Clarksville, TN – The paintings on view in the Crouch Gallery of the Customs House Museum are full of moody color palettes that move from all corners of the papers they have been built upon. Reappearing ravens and telephone lines live harmoniously within textures of paint. Kathleen Conover’s fascination with society’s development has led to her discovery of the beauty in transformation.
The exhibition Industrial Evolution is comprised of symbolic shapes forming stories within mixed media works.
Conover received a Master of Arts in Fine Art from Northern Michigan University in Marquette, Michigan and her graduate work in printmaking at Gonzaga University, Spokane, Washington.
She holds signature status in many organizations, including the American Water Color Society (AWS Signature Member and Dolphin Fellow status), National Watercolor Society (NWS Signature Member status), Watercolor Honor Society (WHS Signature Status), Transparent Watercolor Society of America (TWSA Master Artist Status), and International Society of Experimental Artists (ISEA Nautilus Signature Member), among others.
The artist says of her work: “The ‘Industrial Evolution’ series of paintings is my visual interpretation of an era of change my country, the United States, is undergoing due to evolving world-wide technological and manufacturing industries. Inspiration and visual references abound from my iron mining home on Lake Superior in Northern Michigan, through the farming heartland to the desert southwest and from coast to coast. I strive to paint the colors, textures, lines, shapes, sounds and feel – the essence of this evolution that affects every aspect of American life. International travel deepens my interest in this subject.”
Kathleen’s work has been exhibited internationally including at L’Aquerelle World Competition, France, in Cappadocia, Turkey, at the Eau en Couleurs, International Watercolor Biennial, Castle of Bourgogne, Belgium, Thessaloniki, Greece, and the Shenzhen Museum, China.
Exhibits Curator Terri Jordan says, “For several years the museum has placed an emphasis on celebrating talented female artists during Women’s History Month (March). It is a great pleasure to add Kathleen to this roster and to give our audience a chance to see her beautiful and complex paintings.”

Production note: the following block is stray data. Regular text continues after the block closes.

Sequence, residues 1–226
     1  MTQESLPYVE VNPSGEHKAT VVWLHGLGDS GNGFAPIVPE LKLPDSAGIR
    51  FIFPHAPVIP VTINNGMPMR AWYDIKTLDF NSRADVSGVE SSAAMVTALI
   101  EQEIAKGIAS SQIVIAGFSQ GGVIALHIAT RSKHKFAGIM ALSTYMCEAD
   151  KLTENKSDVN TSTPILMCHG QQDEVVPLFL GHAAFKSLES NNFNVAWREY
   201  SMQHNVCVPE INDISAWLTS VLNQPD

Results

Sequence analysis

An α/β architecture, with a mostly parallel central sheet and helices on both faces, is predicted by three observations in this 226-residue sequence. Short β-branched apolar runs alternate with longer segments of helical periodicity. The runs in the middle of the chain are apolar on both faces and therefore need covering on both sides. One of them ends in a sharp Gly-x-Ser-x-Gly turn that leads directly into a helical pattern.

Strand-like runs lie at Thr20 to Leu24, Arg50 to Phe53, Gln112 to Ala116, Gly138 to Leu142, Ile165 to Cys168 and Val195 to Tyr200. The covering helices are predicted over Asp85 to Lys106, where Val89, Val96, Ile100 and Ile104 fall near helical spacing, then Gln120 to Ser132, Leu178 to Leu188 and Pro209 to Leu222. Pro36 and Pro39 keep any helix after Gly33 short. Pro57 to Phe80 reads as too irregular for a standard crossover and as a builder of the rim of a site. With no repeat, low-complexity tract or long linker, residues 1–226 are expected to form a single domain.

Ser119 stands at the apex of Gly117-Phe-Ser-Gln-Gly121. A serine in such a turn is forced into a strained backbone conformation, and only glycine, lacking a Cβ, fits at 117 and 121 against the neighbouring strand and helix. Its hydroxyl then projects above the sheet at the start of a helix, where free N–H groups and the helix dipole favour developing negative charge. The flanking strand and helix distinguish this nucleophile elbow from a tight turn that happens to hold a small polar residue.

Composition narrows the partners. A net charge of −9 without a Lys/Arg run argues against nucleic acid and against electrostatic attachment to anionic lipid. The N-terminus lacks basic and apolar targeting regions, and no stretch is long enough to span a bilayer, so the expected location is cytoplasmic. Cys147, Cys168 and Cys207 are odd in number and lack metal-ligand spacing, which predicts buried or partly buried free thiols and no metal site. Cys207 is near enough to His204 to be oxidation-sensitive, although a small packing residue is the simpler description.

Industrial Evolution is on view March 2nd through May 2nd. An accompanying catalog is available at Seasons: The Museum Store.
About the Customs House Museum
Located in the heart of historic downtown Clarksville, Tennessee, the Customs House Museum and Cultural Center is the State’s second largest general museum. The original portion of the building was constructed in 1898 as a U.S. Post Office and Customs House for the flourishing tobacco trade. Incorporating a number of architectural styles, the original structure is one of the most photographed buildings in the region.
With over 35,000 square feet of the region’s best hands-on activities and special events…people of all ages agree – the Customs House Museum is well worth the stop!
The Explorer’s Gallery is packed with fun, learning and fantasy in Aunt Alice’s Attic, McGregor’s Market and kitchen, and of course – the Bubble Cave! Finally, get “all aboard” to see our fantastic model trains. Our volunteer engineers “ride the rails” every Sunday afternoon from 1:00pm to 4:00pm.
Regular museum hours are 10:00am to 5:00pm Tuesday through Saturday, and 1:00pm to 5:00pm on Sundays. Adult admission is $7.00, Senior Citizens and College ID $5.00, Ages 6 to 18 $3.00, and under six years and Museum members are free.
The Customs House Museum is located at 200 South Second Street. For more information, call 931.648.5780 or visit their website at www.customshousemuseum.org